How hot is it? Quite enough, thanks
In Europe, Germans and Britons wipe their brows after the hottest July on record. In the US, triple-digit temperatures have at last quit the West Coast, slid eastward to fry the Midwest, and now are giving the East Coast a thorough toasting. As a wise yogi once said (Yogi Berra, that is), "It ain't the heat, it's the humility."
Yes, it is a bit humbling to see that even our digitized postmodern society seems challenged to mitigate the effects of a sizzling summer.
The dog days of August? What's a dog to like about this? Natural gas prices soar as power plants huff and puff to generate enough electricity to meet record demand.
As an obedient audience once would shout to late-night TV king Johnny Carson: How hot is it?
So hot, he would say, that he saw a dog chasing a cat – and both were walking.
So hot in 2006 that places like Minneapolis, known for its winter carnival, and Fargo, N.D., its tundra forever frozen on film in the movie of the same name, joined the 100-degree-plus club this week. So hot that in Paris, water mists cooled visitors to the Eiffel Tower. So hot that New York turned off the necklace lights on its East River bridges, part of that city's singular nightscape, to save energy.
It's so hot couples are vying for control of the thermostat even more assiduously than the TV remote. One wants the air inside to be arctic, trying to blot out thoughts of what's outside. The other, mindful of savings in energy (and the utility bill to come), inches up the air conditioning degree by degree to find the highest livable setting.
So hot that, for those without AC, the ways to cope are many and varied: Cold showers (leave hair wet for maximum effect), capturing the cool night air, and the strategic placement of fans become minor art forms.
A little wisdom and a lot of humor can go a long way to minimize the temporary inconveniences and discomforts of unusual weather. But with more than 160 deaths attributed to the extreme heat in California alone this summer, a sober side remains. Any heat-related deaths are unnecessary. After the tragedies in heat waves of earlier years, governments seem to be more responsive. In both Europe and the US, they provide places to cool down. And both governments and individuals are taking it upon themselves to contact the elderly, shut-ins, and the solitary to make sure they are all right.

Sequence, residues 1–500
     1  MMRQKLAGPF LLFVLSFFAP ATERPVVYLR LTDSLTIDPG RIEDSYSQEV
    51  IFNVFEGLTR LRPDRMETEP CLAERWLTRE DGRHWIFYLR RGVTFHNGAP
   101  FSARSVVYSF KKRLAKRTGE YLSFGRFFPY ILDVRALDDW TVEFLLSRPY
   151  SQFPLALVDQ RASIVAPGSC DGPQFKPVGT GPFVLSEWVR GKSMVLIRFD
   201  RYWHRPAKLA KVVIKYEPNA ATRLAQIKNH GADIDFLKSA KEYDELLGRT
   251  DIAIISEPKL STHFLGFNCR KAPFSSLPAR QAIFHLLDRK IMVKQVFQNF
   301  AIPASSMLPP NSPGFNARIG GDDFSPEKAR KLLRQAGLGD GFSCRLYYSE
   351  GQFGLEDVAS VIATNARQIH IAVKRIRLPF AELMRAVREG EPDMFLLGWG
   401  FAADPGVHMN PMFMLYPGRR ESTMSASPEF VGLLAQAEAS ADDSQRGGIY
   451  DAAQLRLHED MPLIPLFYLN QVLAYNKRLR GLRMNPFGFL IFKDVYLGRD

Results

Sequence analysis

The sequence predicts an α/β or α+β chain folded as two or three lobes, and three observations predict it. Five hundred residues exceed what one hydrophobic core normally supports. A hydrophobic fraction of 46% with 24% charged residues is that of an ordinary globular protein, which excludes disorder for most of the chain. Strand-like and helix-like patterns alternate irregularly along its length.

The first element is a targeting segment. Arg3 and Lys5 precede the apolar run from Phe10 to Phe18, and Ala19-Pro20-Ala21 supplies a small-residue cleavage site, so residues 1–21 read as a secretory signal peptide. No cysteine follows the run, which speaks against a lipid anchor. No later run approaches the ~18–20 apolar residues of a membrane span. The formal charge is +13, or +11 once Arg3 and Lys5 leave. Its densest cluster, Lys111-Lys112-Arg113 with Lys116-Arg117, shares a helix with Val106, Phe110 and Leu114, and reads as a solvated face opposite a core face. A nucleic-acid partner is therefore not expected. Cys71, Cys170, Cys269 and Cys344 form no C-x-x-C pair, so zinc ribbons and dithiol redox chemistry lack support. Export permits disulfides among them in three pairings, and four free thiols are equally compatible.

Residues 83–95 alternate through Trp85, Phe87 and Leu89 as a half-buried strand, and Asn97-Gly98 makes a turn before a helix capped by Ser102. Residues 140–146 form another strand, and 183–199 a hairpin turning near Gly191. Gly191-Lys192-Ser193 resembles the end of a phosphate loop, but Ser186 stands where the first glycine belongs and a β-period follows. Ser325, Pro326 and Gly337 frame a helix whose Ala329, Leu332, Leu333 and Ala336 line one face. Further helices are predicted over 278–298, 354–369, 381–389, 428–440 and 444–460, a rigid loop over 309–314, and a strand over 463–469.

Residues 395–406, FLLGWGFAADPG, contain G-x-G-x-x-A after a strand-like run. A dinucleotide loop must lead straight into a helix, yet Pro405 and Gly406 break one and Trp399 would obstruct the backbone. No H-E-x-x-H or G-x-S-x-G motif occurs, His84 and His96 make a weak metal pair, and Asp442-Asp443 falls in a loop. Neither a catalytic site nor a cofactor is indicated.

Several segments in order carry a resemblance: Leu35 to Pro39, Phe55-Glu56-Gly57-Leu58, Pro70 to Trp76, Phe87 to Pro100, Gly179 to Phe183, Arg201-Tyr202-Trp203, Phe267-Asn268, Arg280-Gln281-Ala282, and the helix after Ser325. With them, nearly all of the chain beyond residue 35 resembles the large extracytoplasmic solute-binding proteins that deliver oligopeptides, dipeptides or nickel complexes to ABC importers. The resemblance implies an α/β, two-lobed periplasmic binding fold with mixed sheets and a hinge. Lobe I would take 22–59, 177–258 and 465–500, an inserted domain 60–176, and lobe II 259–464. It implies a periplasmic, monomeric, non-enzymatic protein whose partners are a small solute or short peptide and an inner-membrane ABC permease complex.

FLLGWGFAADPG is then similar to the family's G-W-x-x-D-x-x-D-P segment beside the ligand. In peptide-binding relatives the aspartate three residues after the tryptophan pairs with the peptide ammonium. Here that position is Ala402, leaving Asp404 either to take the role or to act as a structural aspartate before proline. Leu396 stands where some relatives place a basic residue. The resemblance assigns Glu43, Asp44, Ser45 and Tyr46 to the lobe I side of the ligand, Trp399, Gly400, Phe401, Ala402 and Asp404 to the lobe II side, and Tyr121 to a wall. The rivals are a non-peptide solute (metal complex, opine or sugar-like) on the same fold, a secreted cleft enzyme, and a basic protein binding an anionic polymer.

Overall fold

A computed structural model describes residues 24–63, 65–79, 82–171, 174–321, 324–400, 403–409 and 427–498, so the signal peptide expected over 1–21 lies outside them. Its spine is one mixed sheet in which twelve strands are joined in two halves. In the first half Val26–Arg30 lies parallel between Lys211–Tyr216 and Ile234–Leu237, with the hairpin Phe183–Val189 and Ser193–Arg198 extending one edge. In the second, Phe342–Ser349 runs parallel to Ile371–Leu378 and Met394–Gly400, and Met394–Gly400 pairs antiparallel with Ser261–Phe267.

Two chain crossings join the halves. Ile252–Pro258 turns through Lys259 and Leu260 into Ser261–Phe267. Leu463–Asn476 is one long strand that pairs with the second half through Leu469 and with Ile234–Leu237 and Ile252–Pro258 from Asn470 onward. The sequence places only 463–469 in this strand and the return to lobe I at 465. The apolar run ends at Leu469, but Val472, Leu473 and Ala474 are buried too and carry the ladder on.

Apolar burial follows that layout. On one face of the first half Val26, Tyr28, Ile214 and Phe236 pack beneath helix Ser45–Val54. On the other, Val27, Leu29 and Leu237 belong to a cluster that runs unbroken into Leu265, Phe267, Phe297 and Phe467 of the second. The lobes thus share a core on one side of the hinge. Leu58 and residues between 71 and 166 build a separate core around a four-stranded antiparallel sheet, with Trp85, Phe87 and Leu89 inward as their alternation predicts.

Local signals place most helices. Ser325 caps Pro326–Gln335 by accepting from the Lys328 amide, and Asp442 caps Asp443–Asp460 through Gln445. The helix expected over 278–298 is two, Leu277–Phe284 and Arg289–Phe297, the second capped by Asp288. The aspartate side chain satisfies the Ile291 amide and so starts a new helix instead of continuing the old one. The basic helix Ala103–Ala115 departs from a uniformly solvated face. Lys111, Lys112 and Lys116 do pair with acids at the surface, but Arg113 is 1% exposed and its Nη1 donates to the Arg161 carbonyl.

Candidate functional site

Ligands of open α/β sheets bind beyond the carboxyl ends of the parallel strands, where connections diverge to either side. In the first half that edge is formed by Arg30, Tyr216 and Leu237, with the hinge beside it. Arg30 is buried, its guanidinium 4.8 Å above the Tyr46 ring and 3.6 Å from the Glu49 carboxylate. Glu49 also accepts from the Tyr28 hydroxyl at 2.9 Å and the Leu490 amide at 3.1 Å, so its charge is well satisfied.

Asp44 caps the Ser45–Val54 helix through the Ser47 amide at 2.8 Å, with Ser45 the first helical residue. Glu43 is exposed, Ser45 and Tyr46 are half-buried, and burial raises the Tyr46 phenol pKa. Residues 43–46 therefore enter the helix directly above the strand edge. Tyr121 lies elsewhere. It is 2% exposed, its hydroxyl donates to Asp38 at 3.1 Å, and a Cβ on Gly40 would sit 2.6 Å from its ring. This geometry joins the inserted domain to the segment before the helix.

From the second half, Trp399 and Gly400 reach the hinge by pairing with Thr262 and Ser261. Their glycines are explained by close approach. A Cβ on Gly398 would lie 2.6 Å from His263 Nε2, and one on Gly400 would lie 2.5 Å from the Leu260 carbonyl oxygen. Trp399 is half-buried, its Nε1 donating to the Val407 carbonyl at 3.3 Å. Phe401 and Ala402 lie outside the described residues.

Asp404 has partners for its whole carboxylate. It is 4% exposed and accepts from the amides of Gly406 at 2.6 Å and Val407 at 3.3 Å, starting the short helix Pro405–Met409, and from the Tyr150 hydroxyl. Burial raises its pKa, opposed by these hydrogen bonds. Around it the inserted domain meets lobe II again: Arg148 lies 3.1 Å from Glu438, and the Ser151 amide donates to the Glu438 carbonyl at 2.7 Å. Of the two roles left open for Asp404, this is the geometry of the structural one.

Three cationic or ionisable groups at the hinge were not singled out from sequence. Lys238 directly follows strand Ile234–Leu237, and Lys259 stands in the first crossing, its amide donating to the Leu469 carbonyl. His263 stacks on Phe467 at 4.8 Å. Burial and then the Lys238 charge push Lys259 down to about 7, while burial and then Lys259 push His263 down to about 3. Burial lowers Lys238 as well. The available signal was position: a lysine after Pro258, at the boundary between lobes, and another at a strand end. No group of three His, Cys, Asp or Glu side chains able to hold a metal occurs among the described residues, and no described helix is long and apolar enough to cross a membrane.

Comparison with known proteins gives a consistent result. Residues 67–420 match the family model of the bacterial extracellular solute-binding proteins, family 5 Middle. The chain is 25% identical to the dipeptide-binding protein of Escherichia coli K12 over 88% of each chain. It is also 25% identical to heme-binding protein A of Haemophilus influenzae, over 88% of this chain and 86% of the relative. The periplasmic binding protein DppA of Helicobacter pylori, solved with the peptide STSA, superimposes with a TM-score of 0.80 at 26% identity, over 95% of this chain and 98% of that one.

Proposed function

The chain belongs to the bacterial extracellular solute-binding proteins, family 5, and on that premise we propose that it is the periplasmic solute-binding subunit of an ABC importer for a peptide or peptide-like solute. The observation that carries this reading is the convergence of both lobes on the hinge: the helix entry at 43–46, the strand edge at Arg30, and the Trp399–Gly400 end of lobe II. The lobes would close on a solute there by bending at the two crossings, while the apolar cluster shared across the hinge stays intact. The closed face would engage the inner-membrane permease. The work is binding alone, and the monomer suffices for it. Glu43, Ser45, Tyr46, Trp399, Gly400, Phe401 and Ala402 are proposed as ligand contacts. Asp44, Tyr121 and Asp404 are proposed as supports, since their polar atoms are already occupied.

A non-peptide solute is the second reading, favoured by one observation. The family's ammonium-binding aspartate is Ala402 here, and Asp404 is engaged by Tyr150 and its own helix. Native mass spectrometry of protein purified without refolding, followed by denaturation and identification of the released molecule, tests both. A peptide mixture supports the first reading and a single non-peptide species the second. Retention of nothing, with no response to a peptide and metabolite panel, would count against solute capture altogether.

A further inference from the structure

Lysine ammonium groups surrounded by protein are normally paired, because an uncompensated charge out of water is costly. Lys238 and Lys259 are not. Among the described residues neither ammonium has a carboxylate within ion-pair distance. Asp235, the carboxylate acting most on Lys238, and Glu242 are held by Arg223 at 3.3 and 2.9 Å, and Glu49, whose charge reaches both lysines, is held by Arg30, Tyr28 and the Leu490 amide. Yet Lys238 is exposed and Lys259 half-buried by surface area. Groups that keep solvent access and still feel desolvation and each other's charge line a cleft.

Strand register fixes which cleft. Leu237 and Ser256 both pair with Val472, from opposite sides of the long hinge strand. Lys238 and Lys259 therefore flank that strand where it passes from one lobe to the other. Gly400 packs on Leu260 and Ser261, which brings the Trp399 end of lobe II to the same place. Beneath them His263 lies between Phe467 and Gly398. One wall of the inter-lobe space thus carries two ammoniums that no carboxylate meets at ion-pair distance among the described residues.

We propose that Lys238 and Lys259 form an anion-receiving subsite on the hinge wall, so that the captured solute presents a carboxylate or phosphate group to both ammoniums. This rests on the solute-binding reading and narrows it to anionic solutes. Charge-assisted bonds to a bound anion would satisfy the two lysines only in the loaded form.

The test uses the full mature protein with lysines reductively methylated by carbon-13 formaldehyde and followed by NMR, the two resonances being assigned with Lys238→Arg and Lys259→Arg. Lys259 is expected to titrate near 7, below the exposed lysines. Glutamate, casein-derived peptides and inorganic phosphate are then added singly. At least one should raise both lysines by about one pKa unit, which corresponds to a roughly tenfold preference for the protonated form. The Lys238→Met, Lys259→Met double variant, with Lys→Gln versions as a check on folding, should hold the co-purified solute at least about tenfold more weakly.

Despite record demand for electricity this summer, dangerous blackouts have so far been rare, a tribute to better planning and conservation. But sitting inside on a hot summer day can be a good time for everyone to reexamine their own energy use: Can I switch to newer, more energy-efficient appliances? Pull those "vampire" plugs for cellphones and other small electronic devices out of the wall when not in use (they draw electricity whenever plugged in)?
Are longer, hotter heat waves going to be regular visitors in future summers? Some climatologists think so. What both governments and individuals do now to prepare can help lessen their effects.
"The hound of the autumn wind is slow; he loves to bask in the heat and sleep," wrote Peter MacArthur in "An Indian Wind Song."
Right now, we'd gladly settle for just a cool breeze.